• allocate a sum of money to you known as interest and damages or “dommages et intérêts
    • declare the accused perpetrator as not guilty if it is difficult to prove their guilt.

    If you do not agree with the judge’s decision, you can ask another judge to examine the case by lodging an appeal or “appel” through your lawyer.

Frequent issues

  • If you are concerned that the police will refuse to file your complaint, you can present this letter to them.

    The police are not allowed to refuse to file a complaint. If this happens, you can:

    • go to another police station known as “commissariat de police” or “brigade de gendarmerie
    • or file your complaint by post.

    If a police officer refuses to file your complaint, the police officer is in violation of the law. You can report a violation of the law:

    • to the IGGN if the complaint was refused at a “brigade de gendarmerie
    • to the IGPN if the complaint was refused at a “commissariat de police
    • to the Defender of Rights or “Défenseur des Droits” by contacting a representative near you.
  • The police do not have the right to suggest a log or “main courante” for domestic abuse. The “main courante” is simply a means creating a declaration that abuse has occured, but no action will follow.

    You should also know that by refusing your complaint, the police officer was in violation with the law. You can report this violation of the law:

    • to the IGGN if the complaint was refused at a “brigade de gendarmerie
    • to the IGPN if the complaint was refused at a “commissariat de police
    • to the Defender of Rights or “Défenseur des Droits” by contacting a representative near you.

    Note: you have the right to ask to file a log or “main courante” if you wish to keep evidence of the abuse but you are not ready to prosecute the perpetrator of the abuse in court. However, in the case of domestic abuse, the police have to send the “main courante” to the “procureur de la République”. They may decide to carry out an investigation and possibly prosecute the perpetrator of the abuse if the facts are very serious.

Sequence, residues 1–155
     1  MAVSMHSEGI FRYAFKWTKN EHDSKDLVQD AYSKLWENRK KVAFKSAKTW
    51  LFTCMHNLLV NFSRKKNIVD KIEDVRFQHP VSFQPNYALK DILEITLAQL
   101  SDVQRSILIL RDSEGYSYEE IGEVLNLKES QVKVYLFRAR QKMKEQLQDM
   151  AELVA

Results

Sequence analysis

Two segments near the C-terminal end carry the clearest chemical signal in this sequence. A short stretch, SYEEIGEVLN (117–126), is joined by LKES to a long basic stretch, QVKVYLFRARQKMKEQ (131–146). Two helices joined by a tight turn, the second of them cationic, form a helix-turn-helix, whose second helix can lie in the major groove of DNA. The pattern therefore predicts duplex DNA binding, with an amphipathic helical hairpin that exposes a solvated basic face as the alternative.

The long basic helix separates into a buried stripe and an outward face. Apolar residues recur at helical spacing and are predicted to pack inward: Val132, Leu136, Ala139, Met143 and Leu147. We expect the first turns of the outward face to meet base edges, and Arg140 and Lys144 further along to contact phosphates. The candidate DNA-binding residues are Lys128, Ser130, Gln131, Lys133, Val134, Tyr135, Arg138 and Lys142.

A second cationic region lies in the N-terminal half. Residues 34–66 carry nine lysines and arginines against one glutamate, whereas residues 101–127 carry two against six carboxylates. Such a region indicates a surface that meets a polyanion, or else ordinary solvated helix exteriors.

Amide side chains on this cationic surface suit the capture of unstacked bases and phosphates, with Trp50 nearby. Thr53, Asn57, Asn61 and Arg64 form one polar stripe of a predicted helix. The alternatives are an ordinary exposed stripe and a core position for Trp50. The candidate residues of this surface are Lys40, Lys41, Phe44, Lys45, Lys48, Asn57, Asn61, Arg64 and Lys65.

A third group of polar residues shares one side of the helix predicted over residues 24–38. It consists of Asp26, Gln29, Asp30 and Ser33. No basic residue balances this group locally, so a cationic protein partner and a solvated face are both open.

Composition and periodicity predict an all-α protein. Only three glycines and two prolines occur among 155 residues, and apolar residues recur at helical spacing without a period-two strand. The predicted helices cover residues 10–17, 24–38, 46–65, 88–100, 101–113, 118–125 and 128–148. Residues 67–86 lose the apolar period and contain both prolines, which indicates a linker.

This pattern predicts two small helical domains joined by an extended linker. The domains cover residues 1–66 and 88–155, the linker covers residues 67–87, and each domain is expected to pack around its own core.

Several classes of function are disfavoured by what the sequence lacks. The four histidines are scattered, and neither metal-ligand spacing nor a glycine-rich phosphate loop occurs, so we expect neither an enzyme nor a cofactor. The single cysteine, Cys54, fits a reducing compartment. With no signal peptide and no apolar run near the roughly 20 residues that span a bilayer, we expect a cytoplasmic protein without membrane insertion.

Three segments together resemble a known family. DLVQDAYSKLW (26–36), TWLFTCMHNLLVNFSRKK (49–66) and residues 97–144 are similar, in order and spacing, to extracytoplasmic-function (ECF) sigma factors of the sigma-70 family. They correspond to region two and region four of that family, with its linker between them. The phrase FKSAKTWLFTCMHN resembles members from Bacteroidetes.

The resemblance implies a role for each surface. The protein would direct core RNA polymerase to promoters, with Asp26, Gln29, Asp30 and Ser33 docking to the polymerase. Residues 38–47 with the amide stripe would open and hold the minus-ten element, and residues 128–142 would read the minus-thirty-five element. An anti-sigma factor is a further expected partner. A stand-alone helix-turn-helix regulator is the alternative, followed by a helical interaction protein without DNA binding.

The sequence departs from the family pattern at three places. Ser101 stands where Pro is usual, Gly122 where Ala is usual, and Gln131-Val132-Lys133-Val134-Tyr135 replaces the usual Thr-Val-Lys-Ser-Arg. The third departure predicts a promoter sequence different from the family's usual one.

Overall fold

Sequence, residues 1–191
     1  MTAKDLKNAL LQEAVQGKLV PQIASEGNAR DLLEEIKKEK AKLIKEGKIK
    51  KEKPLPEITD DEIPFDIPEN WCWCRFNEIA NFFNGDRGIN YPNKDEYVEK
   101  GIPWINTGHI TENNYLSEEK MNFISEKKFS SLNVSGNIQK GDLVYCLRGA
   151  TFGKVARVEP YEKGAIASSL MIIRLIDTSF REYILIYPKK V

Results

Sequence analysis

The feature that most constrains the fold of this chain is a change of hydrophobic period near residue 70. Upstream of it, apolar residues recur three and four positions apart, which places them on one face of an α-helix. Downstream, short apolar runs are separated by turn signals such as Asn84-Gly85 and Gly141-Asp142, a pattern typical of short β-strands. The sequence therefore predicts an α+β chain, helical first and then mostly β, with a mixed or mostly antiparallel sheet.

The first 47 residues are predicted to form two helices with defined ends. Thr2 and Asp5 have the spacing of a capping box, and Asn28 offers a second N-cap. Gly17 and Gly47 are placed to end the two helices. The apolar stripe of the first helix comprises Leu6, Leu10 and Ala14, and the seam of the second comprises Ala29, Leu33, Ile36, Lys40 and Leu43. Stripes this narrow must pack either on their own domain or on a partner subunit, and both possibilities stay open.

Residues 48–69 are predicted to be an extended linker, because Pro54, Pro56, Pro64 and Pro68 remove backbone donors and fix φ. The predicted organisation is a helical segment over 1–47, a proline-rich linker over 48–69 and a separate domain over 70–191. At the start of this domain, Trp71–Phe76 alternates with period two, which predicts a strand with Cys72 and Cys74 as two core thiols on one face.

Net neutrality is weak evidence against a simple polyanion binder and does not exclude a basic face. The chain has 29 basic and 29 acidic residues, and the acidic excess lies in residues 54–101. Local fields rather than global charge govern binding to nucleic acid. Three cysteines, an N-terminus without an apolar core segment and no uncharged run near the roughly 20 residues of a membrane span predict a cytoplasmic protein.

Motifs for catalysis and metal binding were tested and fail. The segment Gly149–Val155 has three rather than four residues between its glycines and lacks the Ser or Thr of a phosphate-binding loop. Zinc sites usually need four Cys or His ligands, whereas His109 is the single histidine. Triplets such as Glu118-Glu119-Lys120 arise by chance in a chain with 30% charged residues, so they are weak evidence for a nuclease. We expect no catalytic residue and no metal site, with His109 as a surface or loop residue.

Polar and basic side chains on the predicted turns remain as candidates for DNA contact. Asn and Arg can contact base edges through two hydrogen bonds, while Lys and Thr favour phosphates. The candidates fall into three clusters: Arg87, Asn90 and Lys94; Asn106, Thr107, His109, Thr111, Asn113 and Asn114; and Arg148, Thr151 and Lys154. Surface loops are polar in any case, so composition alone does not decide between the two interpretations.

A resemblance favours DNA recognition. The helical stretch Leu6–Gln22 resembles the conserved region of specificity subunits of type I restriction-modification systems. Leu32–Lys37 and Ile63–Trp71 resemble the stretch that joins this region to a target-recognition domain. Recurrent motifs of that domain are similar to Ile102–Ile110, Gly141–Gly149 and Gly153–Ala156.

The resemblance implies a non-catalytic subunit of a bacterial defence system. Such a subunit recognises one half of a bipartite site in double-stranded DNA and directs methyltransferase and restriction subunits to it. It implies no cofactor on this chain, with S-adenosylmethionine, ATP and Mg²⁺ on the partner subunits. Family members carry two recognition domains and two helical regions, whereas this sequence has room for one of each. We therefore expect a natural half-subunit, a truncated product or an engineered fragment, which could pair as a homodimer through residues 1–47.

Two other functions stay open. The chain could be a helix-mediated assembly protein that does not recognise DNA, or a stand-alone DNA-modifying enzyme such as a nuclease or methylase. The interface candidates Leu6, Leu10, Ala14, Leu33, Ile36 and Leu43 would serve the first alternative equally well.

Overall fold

• It is unacceptable for you to be discriminated against while trying to seek protection from the French justice system, but unfortunately this still happens.

    There are solutions for reporting this discrimination and obtaining compensation for the harm it has caused you. Learn more

  • The “procureur de la République” should keep you informed of the progress of the investigation and their decision regarding the perpetrator of the abuse. Unfortunately, this sometimes does not happen.

    If you don’t hear anything after a few weeks, you can to write to the “procureur de la République” in charge of your case by following these steps:

    • Write a letter requesting an update to your file and keep a copy. You can use this model.
    • Attach to your letter a copy of the “procès-verbal de plainte” that you were given when you made your complaint to the police.
    • To find their address, you can use this directory by entering your postcode and selecting “tribunal judiciaire”.
    • Send the letter by “lettre recommandée avec accusé de réception”, which is the only way to have proof of receipt. Keep the receipt as proof of postage.
    • Send a copy of this letter to the “commissariat de police” or to the “brigade de gendarmerie” where you filed your initial complaint.

Common concerns

  • If you do not speak French, you can take this letter with you when you go to a police station. The letter reminds the police of their obligation to have an interpreter present when you file your complaint.

    In practice, this will depend on the availability of interpreters in your language. They may ask you to come back at another time.

    You have several other solutions:

    • report the abuse to the police online via a multilingual chat service and make an appointment to file a complaint, specifying your language and the fact that you need an interpreter
    • seek the help of an organisation offering free services known as an “association” to find an interpreter
    • come with someone you trust who will be able to translate for you.
  • Yes, if you have not exceeded a certain time limit. This is known as the “délai de prescription” provided for by law. The legal deadlines are:

    • 6 years to file a complaint for the majority of domestic abuse considered as “délits
    • 20 years to file a complaint in the event of rape which is considered a “crime”.
  • In France, the role of the police is to protect you if you are in danger. Police officers have an obligation to respect human rights without any discrimination, although this unfortunately still occurs.

    You have the right to be accompanied by a person of your choice when filing the complaint.